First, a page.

E.J.M. (Emiel) Hensen - Expertise

Hensen, E.J.M.
Address :
Technische Universiteit Eindhoven
P.O. Box 513
Chair :
Molecular Catalysis
Department :
Department of Chemical Engineering and Chemistry
Section :
Molecular Catalysis
Positioncategory :
Professor (HGL)
Position :
Full Professor
Room :
STW 3.33
Tel :
+31 40-247 5178
Tel (internal) :
Email :


  • D13600 - Catalysis
  • D13400 - Inorganic chemistry
  • D13500 - Physical chemistry
  • D13700 - Theoretical chemistry, quantum chemistry
  • D14800 - Energy
  • E16000 - Nanotechnology
  • E18000 - Biobased economy
  • D14510 - Inorganic chemical technology
  • D14530 - Fuel technology




Emiel Hensen, born in Geleen (The Netherlands) in 1971, received his master degree in chemical engineering and chemistry from Eindhoven University of Technology (The Netherlands) in 1994. He obtained his PhD from the same university in the field of molecular heterogeneous catalysis under the supervision of Prof. Rutger van Santen and Prof. Rob van Veen. He then took up an assistant professor position with Prof. Berend Smit at University of Amsterdam. In 2001 he returned to Eindhoven University of Technology as an assistant professor. He was promoted to associate professor in 2008. From 2006-2008 he was a visiting research scientist at the Shell Research and Technology Center Amsterdam (The Netherlands) through a Casimir grant. Hensen is since July 2009 full professor inorganic materials chemistry at Eindhoven University of Technology. He was a visiting professor at Katholieke Universiteit Leuven (Belgium) from 2001 until 2016, a visiting professor at Hokkaido University (Japan) in 2016 and distinguished professor at Xiamen University (China). Hensen is the (co)author of some 300 publications in peer-reviewed scientific journals, 2 patents, several articles in national journals and 10 book contributions. He obtained the prestigious Veni, Vidi and Vici grants as well as a TOP grant from the Netherlands Organisation for Scientific Research. Hensen is chairman of the Netherlands Research School for Catalysis (NIOK), management team member of the national gravitation program Multiscale Catalytic Energy Conversion (MCEC), board member of the European Research Institute of Catalysis (ERIC) and board member of Chemelot InSciTe. He is member of the Advanced Research Center Chemical Building Blocks Consortium. Hensen was appointed dean of the department of Chemical Engineering and Chemistry of the Eindhoven University of Technology in 2016.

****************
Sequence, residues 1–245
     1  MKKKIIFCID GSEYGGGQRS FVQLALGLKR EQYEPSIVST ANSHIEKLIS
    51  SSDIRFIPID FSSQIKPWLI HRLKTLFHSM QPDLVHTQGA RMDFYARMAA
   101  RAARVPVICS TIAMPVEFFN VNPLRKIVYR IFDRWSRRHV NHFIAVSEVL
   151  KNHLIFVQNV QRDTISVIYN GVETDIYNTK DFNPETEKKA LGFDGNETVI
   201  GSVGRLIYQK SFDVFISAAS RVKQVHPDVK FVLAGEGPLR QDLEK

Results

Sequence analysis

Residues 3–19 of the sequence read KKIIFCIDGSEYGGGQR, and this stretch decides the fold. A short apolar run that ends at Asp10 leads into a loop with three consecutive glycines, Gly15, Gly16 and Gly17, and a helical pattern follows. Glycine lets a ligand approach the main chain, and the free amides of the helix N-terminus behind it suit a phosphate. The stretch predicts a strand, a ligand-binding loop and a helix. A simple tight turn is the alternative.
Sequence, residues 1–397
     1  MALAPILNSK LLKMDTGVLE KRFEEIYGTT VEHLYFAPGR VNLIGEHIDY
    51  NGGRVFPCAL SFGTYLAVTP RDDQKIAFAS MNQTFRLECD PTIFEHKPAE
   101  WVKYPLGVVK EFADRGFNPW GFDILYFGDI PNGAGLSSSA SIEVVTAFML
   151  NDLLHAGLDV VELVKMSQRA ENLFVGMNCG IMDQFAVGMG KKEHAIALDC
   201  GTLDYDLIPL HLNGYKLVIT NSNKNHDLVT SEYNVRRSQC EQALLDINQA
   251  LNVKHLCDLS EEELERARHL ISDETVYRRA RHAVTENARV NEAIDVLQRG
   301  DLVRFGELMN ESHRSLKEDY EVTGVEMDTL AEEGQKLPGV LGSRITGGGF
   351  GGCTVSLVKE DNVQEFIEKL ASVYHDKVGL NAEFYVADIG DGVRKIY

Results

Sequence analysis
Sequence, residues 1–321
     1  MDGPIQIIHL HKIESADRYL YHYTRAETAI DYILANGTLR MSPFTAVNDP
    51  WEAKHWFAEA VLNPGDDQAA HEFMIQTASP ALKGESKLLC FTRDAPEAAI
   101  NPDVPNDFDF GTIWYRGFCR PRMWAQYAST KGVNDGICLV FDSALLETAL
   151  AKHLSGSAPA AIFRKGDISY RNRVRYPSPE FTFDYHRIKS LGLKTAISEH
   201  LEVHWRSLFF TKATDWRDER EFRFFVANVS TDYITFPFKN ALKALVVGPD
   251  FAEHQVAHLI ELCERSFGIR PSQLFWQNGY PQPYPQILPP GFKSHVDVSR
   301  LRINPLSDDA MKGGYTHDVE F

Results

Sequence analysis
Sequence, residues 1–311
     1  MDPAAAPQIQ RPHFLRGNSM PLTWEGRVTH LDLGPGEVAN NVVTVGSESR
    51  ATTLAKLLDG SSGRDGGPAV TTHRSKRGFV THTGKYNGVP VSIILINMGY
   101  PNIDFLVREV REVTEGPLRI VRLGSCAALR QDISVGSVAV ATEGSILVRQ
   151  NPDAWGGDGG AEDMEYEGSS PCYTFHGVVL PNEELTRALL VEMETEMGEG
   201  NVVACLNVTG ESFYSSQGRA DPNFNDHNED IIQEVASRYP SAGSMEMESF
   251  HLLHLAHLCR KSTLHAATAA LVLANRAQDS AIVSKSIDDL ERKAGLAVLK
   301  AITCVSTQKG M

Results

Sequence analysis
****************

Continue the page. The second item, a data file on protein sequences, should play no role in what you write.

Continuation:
The research of Hensen focuses on the fundamental aspects of catalyzed reactions relevant to clean and sustainable processes for the production of fuels and chemicals with the aim to identify active sites and understand reaction mechanism. The working approach is to combine advanced characterization methods (synchrotron-based techniques such as X-ray absorption spectroscopy and X-ray diffraction as well as vibrational and X-ray photoelectron spectroscopies) with theoretical modeling (DFT, microkinetics) and performance testing (kinetics, high-throughput methods, transient techniques) to guide the design and synthesis of nanoscopically organized and well-defined chemically functionalized catalytic solid materials. The materials explored include primarily highly structured porous materials containing reactive centers such as protons, metal ions and metal, metal oxide and metal sulfides clusters. Applications are directed towards the improvement of current industrial chemical processes and novel processes based on renewable feedstock such as biomass. Catalytic target reactions are methane activation, the Fischer-Tropsch reaction, conversion of biogenic molecules such as sugars and lignin, and metal-support cooperativity in selective oxidation. In these areas of research, many innovative scientific contributions have been made that are internationally recognized as excellent. Hensen has pioneered the fields of Lewis-acid catalysed conversion of sugars, catalytic upgrading of lignin, synthesis of hierarchical zeolites, and microkinetics simulations of heterogeneous reactions.